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Cardiac arrhythmias in general, and atrial fibrillation (AF), in particular, are important global health problems. Despite extensive studies, arrhythmia mechanisms remain unclear. The problem is complicated because heart function is affected by a complex integration of numerous biochemical and biophysical processes within and among cardiac cells. Interactions within SA node, the primary hearts' pacemaker that initiates and regulates the cardiac rhythm, results in one such critical unsolved complexity. Joung et al. 1 have recently applied a method of simultaneous recording of intracellular Ca2+ and membrane potential to approach the riddle of complex/intimate interactions between electrophysiology and intracellular Ca2+ signaling within cells comprising SA node. In this issue of HeartRhythm, Joung et al. 2 combined their method with measurements of expression of Ca2+ cycling proteins to explore the mechanisms of SA node dysfunction in AF.
Voltage-gated sarcolemmal ion currents are the proximal cause of an action potential (AP) as originally described by Hodgkin and Huxley based on voltage clamp data. In silico, the ensemble, or system, of the sarcolemmal electrogenic molecules (ion channels and transporters) of cardiac pacemaker cell can generate rhythmic APs, e.g. in 12 SA node cell (SANC) numerical models 3). Therefore, this system of ion currents can be envisioned as a membrane voltage oscillator or “membrane clock” (M clock). The classical perspective on cardiac pacemaker cell function is that the M clock is the ultimate cardiac pacemaker clock, i.e. its function is not only necessary, but also sufficient to drive normal automaticity. However, in addition to an M clock, cardiac pacemaker cells have another intrinsic oscillatory subsystem that resides within the cell: the sarcoplasmic reticulum (SR) pumps and periodically releases Ca2+ 4. While a potential role of the Ca cycling in normal function of cardiac pacemaker cells had been envisioned 5,6 and experimentally demonstrated r-10 long ago, recent extensive studies (during last decade) have discovered the spatiotemporal characteristics of the SR Ca2+ cycling and its interactions with the M clock (review 11). Confocal measurements in isolated pacemaker cells detect Localized submembrane Ca2+ Releases (LCR's) generated by the SR via ryanodine receptors (RyRs) during the late diastolic depolarization (DD) 12,13. The integrated Ca2+ signal of these multiple LCRs during DD represents diastolic Ca2+ release (Fig.3 in 14) that was observed by Joung et al. 1 as Late Diastolic Ca2+ elevation (LDCAE) in the primary region (i.e. impulse initiating part) of the isolated intact dog SA node. The spontaneous Ca2+ releases are referred to as an intracellular “Ca2+ clock” because their occurrence is periodic during voltage clamp 15, in detergent-permeabilized SANC 16, and in silico (when membrane currents set to zero) 17. In nature, i.e., in spontaneously firing SANC, in contrast to in silico or skinned or voltage-clamped cells, Ca2+ and M clocks do not exist in isolation of each other: Numerous and complex interactions via membrane voltage, submembrane Ca2+, and protein phosphorylation occur between the two subsystem clocks (M clock and Ca2+ clock), and the subsystems become mutually entrained forming the full pacemaker cell SYSTEM or the master pacemaker clock (reviews 11,18). The two interacting clock subsystems do not just simply coexist within the pacemaker system but their interaction confers robustness and flexibility to the cardiac pacemaker function as discussed in a recent review 11 and demonstrated in a numerical study that predicts LDCAE 17. Specifically, the presence of Ca2+ clock extends the fail-safe variations of membrane clock parameters, such as L-type Ca2+ current (ICaL) conductance and, vice versa, the presence of some membrane components, such as funny current (If), increases the fail-safe variations of Ca2+ clock parameters, such as Ca2+ pumping rate11.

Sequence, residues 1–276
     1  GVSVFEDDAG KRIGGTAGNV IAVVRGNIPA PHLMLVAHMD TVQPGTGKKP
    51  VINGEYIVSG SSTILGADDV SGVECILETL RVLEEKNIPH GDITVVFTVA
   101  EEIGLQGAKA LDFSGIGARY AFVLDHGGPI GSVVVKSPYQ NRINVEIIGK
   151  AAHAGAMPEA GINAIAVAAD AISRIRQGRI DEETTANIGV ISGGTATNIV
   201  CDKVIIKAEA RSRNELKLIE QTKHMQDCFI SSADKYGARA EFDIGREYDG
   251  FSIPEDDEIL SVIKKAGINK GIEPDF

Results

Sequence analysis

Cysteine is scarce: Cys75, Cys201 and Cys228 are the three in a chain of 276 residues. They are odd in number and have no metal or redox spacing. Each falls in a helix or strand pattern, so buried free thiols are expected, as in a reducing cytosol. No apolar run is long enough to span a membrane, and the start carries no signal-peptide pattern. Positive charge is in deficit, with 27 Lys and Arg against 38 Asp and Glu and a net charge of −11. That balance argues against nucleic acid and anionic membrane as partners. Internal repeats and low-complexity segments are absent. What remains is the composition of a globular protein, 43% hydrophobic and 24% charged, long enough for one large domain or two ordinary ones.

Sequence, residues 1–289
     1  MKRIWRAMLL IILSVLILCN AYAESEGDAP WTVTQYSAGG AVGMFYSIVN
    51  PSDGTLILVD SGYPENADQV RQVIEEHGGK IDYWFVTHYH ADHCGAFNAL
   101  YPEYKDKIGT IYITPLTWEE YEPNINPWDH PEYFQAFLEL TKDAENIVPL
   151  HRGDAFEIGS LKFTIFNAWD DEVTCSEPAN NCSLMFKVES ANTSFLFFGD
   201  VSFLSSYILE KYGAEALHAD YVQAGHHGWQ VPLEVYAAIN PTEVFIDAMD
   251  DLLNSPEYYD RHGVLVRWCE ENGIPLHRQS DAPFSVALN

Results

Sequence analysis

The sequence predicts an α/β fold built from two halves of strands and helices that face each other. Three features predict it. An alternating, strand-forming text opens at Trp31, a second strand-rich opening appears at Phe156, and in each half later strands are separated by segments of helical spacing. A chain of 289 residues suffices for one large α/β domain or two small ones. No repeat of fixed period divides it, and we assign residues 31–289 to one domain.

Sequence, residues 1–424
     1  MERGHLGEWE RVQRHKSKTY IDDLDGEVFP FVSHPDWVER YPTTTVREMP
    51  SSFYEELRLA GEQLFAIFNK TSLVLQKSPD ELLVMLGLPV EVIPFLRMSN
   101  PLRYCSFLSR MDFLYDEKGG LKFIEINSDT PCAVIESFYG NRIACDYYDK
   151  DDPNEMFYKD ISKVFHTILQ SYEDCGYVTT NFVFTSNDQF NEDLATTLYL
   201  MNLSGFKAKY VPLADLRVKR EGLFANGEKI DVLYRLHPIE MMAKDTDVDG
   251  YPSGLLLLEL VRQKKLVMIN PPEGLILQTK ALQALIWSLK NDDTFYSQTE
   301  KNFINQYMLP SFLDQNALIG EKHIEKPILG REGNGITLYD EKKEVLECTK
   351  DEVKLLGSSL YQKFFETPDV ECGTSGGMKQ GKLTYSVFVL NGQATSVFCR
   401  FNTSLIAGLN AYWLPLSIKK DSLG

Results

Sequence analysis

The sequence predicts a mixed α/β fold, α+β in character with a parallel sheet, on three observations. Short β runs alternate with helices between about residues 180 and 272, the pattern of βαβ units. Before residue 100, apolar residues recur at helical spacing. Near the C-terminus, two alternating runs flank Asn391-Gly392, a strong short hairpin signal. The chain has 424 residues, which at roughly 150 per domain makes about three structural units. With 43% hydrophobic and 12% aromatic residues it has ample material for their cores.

In the context of the concept of a coupled clock system, the finding of Joung et al study 2 that RyR2 are down regulated, and LDCAE are absent in their experimental AF model, can be interpreted to indicate that the Ca2+ clock subsystem is impaired in AF, resulting probably in decreased robustness and flexibility of the pacemaker system. In other words, the impairment of diastolic Ca2+ releases shifts the operation of SANC likely towards less safe (i.e. susceptible to arrhythmia) operation.